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McVictims

 
David Gratzer of The New York Times suggests calling it the McVictim syndrome, the rush to find a scapegoat for America’s obesity epidemic. We’re getting fatter, so we must find someone to blame.
 
And what we blame has to be anything but our own choice to eat.
 
In his most recent book, former FDA Commissioner David A. Kessler argues that modern food is addictive. In a paper in this month’s Journal of Health Economics, University of Illinois researchers blame urban sprawl.   A recently released Ohio study, using mice, suggests “fine-particulate air pollution” as the cause for rising obesity rates.
 
Please.
 
As Gratzer notes, the McVictim syndrome spins a convenient – and unhealthy – narrative on America’s emerging preventable disease crisis. McVictimization teaches Americans to think that obesity is someone else’s fault – and therefore, someone else’s problem to solve.
 
The truth is that in the vast majority of cases, we’re just eating like pigs.
 
But finding a scapegoat isn’t unique to the obesity epidemic. It’s become one of our most cherished personal narratives. We make a bad choice, of our own free will, and we look for someone, or something, to blame as if we were simply victims of circumstance.
 
For example, Duke University has been in the news - a lot – for the bad behavior of its students. 
 
Consider:
 
A mock thesis by a recent alum detailed, specifically and graphically, her sexual dalliances with 13 Duke athletes. It surfaced on the internet and became a national story.     
 
An email message from a Duke fraternity invited female students to a Halloween part by asking them to attend dressed as “a slutty nurse, a slutty doctor, a slutty schoolgirl, or just a total slut.” The email was forwarded to a national website, and once again, the mainstream media took note.
 
Most recently, there was the shutting down of Tailgate, a raucous, drunken outdoor student party offered before home football games. Why? An underage drunken sibling of a Duke student was discovered, passed out, in a portable toilet.
 
The president of Duke wrote a letter to the student body, saying that the incidents promoted a “wildly distorted image of Duke.”  The student government president simply lamented that they were “constantly singled out.”
 
Another case of McVictimization. 
 
It’s not their fault. 
 
They are not their choices.
 
And if all else fails in passing blame, there’s always God.
 
The author Philip Yancey writes of being contacted by a television producer after the death of Princess Diana to appear on a show and explain how God could have possibly allowed such a tragic accident. “Could it have had something to do with a drunk driver going ninety miles an hour in a narrow tunnel?,” he asked the producer. “How, exactly, was God involved?” 
 
From this, Yancey reflected on the pervasive nature of the mindset that our actions are actually an indictment of God. Such as when boxer Ray “boom boom” Mancini killed a Korean boxer in a match, the athlete said in a press conference, “Sometimes I wonder why God does the things he does.”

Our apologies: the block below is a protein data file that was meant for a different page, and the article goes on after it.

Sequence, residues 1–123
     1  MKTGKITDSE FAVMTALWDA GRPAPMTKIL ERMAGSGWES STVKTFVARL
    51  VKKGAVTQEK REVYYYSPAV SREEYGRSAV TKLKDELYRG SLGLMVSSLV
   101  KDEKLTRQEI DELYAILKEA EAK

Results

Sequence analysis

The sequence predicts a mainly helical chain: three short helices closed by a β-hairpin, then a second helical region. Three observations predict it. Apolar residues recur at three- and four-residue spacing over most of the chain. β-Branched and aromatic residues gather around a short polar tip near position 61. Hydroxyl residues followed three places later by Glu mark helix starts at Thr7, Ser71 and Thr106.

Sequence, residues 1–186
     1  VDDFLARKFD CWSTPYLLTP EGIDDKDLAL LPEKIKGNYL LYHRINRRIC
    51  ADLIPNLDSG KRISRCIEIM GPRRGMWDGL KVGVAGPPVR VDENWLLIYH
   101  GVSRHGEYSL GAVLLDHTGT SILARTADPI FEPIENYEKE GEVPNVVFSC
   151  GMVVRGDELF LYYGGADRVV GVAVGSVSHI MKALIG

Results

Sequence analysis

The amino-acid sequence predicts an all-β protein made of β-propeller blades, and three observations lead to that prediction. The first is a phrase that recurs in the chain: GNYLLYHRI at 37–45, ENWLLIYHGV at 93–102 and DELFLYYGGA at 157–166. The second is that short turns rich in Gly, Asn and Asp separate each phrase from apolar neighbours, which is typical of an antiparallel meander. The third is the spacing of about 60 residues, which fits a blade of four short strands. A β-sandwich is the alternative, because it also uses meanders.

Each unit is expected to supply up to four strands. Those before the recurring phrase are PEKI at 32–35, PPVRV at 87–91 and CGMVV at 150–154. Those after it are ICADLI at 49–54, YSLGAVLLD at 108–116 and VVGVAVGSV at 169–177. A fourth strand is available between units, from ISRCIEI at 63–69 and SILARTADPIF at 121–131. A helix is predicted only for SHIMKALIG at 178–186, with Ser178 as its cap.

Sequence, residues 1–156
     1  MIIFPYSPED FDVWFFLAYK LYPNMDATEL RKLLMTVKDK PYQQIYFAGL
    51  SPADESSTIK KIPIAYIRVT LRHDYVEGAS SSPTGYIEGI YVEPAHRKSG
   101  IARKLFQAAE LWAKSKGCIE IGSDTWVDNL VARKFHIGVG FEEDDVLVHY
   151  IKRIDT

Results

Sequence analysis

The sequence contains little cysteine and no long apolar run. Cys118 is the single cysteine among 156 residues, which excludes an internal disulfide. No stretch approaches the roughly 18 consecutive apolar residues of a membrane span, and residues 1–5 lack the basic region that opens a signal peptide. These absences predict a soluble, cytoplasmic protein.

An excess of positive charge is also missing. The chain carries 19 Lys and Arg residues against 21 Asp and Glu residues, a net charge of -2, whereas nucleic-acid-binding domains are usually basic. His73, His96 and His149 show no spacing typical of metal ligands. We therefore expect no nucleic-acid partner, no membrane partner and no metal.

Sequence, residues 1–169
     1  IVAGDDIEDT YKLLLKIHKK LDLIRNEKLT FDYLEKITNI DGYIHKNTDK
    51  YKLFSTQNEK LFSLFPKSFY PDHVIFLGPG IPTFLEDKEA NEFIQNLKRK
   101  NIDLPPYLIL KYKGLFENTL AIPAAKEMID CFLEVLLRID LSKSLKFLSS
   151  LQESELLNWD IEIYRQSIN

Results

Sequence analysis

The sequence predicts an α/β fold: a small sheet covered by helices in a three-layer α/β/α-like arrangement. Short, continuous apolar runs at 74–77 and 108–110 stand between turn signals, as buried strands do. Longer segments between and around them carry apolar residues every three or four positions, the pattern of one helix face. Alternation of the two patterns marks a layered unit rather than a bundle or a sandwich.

In a letter to a Christian family therapist, a young woman told of dating a man and becoming pregnant. She wanted to know why God allowed that to happen to her. 
 
In her official confession, when South Carolina mother Susan Smith pushed her two sons into a lake to drown, she said that as she did it, she went running after the car as it sped down the ramp screaming, “Oh God! Oh God, no!...Why did you let this happen!” 
 
Yancey raises the decisive question by asking, “What exactly was the role God played in a boxer pummeling his opponent, a teenager abandoning her virtue, or a mother drowning her children?” God let us choose, and we did, and our choices have brought continual pain and heartache and destruction. Our self-destructive bent has seemed to know no bounds. 
 
And so McVictimization will continue to rule the day until we come to a clearer sense of things, and particularly ourselves.
 
And what will that clearer sense entail?
 
G.K. Chesterton was reputed to write the following to the editor in response to a request by the London Times for an essay on the topic, “What’s Wrong with the World,” 
 
          Dear Sir:
          In response to your article, ‘What’s wrong with the world’
          – I am. 
          Yours truly,
          G.K. Chesterton.
 
James Emery White
 
 
Sources     
 
“The McVictim syndrome could kill us,” David Gratzer, Los Angeles Times, December 8, 2010, online at http://www.latimes.com/news/opinion/commentary/la-oe-gratzer-obesity-20101208,0,7040118.story
 
Embattled Duke fights ‘wildly distorted image,’” Eric Ferreri, Raleigh News and Observer, December 9, 2010, online at http://www.charlotteobserver.com/2010/12/09/1897462/embattled-duke-fights-wildly-distorted.html
 
Philip Yancey, Reaching for the Invisible God.
 
On the Chesterton quote: This is widely attributed to Chesterton without protest, and further, is considered to be the basis for his 1910 work, What’s Wrong with the World, and has never been attributed to anyone else. Chestertonians consider it valid, and reflective of his humility and wit (see the official web site of the American Chesterton Society at www.chesterton.org), but alas, there is no documentary evidence.

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